Archive for June, 2015

Our Nation Reflects the State of Marriage: What Does This Mean For Children?

Earlier this month we were in Las Vegas at a tax conference. Between meetings we were talking with some of our colleagues about how closely the national mood is reflecting the condition of marriages today.

Looking at John and Julie Gottman’s work, they note that marriages are headed for trouble when four major communication “grenades” are employed by one or both spouses – they refer to these as the “Four Horsemen of the Apocalypse.” They are criticism, defensiveness, contempt and stonewalling. When a person becomes critical they are blaming and finding fault in the other person. When that “grenade” goes off the recipient will often become defensive which turns the criticism back to the sender. For example:

Criticism: “If you weren’t so lazy…”
Defensive Response: “If you didn’t spend so much time…”

These two can play on each other with no end in sight. In frustration, to escalate for a “win,” someone may turn to contempt as a method to signal superiority. This shows up in language as well as gestures such as rolling eyes, pointing fingers, etc… anything that signals being superior, being better, etc… than the other person.

What follows is shutting down. The John and Julie refer to this a stonewalling. It is a point at which there is so much negativity coming at an individual that they simply shut down. They try to self-calm or at least to avoid escalating what is happing through a negative response. Yet in this posture of perceived indifference it is often seen by the other person as being ignored. That simple perception of ignoring someone is enough to escalate the problem to a higher level of conflict.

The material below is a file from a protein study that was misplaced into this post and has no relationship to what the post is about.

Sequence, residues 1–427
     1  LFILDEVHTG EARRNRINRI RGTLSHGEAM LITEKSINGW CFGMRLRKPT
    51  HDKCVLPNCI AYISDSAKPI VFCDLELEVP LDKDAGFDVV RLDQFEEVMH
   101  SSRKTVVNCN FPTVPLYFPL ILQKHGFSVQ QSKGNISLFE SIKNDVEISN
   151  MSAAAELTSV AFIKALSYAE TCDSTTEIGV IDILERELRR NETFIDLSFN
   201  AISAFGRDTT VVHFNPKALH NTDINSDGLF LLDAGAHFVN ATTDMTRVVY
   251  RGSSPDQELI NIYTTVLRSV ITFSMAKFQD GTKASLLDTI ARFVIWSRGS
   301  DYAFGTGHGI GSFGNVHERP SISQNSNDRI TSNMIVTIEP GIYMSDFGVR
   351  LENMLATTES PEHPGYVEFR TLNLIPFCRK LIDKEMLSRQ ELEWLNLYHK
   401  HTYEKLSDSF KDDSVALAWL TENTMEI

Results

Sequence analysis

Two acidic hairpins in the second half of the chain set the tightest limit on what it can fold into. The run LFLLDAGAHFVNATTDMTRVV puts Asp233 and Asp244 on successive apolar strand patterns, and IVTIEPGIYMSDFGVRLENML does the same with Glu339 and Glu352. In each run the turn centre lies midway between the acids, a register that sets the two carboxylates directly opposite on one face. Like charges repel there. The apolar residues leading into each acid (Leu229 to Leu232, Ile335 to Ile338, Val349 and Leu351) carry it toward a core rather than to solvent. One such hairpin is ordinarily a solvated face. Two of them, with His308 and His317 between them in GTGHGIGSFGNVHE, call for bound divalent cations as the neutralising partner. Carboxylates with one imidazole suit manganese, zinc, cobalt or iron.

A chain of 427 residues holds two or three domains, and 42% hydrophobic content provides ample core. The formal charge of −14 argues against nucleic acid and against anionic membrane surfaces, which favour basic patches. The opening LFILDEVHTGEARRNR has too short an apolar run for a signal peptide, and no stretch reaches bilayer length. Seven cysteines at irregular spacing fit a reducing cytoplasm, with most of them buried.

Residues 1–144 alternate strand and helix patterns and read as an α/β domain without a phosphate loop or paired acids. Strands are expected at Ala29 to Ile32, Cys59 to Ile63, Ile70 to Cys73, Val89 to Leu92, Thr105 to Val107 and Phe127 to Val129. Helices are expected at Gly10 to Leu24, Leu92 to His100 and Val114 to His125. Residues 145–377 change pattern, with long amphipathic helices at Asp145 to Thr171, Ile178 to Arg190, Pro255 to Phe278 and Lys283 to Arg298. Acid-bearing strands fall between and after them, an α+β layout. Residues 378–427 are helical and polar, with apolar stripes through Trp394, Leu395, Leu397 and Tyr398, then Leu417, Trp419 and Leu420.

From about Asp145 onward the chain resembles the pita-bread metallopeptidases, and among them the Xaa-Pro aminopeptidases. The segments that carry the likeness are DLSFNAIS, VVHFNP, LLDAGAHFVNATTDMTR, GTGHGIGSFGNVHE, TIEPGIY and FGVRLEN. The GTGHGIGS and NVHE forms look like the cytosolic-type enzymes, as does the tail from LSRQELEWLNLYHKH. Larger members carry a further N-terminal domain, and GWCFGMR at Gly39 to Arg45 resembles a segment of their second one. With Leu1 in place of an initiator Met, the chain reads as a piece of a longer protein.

Does any of this sound familiar when looking at the level of public and political discourse in the world around us? A culture in which entertainment is based on finding fault, making crude and profane comments, using situational comedy to mock and degrade with pointless attempts at humor. Society no longer looks at the human condition with the goal of elevating it. Destructive tools are used to degrade and to elicit feelings of laughter at the expense of others.

Looking at our political world, when have we seen politicians running for office having honest discussions? When have they talked openly about issues of substance or exchanging ideas rather than attacking an opponent’s character? The concepts and process of criticism, defensiveness coupled with contempt and ignoring each other are embedded in the world of politics. Then comes the divorce – the disinterest of the public who turns away from the political world to their electronic devices, their online persona, their social media friends (many of whom they may not really know personally). We even turn off when people get together. Rather than talking directly to each other, a text message is sufficient. Taking selfies and posting becomes the substitute for relationship.

That leads to the basic question – what are we teaching our children?

The hardest part of a relationship is showing up. But that is about equal to the other part of that relationship – making it a place where your spouse or partner wants to show up. There is responsibility on both sides. When we allow it to spiral out of control – and we are the ones that let it happen on all levels – relationships are lost and the moment to teach a child about relating to others in the world is also diminished. They soon learn that relationships and people are disposable parts of their lives.

What lesson should we teach children?


By: Armand & Robbin D’Alo